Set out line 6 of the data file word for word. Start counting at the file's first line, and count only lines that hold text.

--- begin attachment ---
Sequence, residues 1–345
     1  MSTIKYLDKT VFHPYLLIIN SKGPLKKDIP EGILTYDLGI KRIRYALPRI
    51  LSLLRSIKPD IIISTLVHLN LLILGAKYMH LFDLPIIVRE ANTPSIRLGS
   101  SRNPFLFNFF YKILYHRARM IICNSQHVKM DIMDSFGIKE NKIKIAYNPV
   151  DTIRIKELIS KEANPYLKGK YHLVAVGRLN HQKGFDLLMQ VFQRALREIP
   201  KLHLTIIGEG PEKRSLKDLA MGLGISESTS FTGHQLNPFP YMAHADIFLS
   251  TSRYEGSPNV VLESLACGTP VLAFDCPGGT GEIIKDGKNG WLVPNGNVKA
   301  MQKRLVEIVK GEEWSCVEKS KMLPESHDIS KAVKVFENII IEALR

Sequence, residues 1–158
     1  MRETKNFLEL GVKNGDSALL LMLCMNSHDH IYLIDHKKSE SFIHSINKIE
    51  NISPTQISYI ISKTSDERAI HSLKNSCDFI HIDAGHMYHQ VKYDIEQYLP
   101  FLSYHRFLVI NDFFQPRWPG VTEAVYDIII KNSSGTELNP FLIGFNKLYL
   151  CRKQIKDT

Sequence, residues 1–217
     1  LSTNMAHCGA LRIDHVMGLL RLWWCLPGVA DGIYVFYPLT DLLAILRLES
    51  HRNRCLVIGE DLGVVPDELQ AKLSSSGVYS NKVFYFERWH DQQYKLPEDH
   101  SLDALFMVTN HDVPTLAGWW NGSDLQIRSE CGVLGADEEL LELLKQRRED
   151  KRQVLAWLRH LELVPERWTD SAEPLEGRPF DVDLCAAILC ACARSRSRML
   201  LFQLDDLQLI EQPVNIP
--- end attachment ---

   201  KLHLTIIGEG PEKRSLKDLA MGLGISESTS FTGHQLNPFP YMAHADIFLS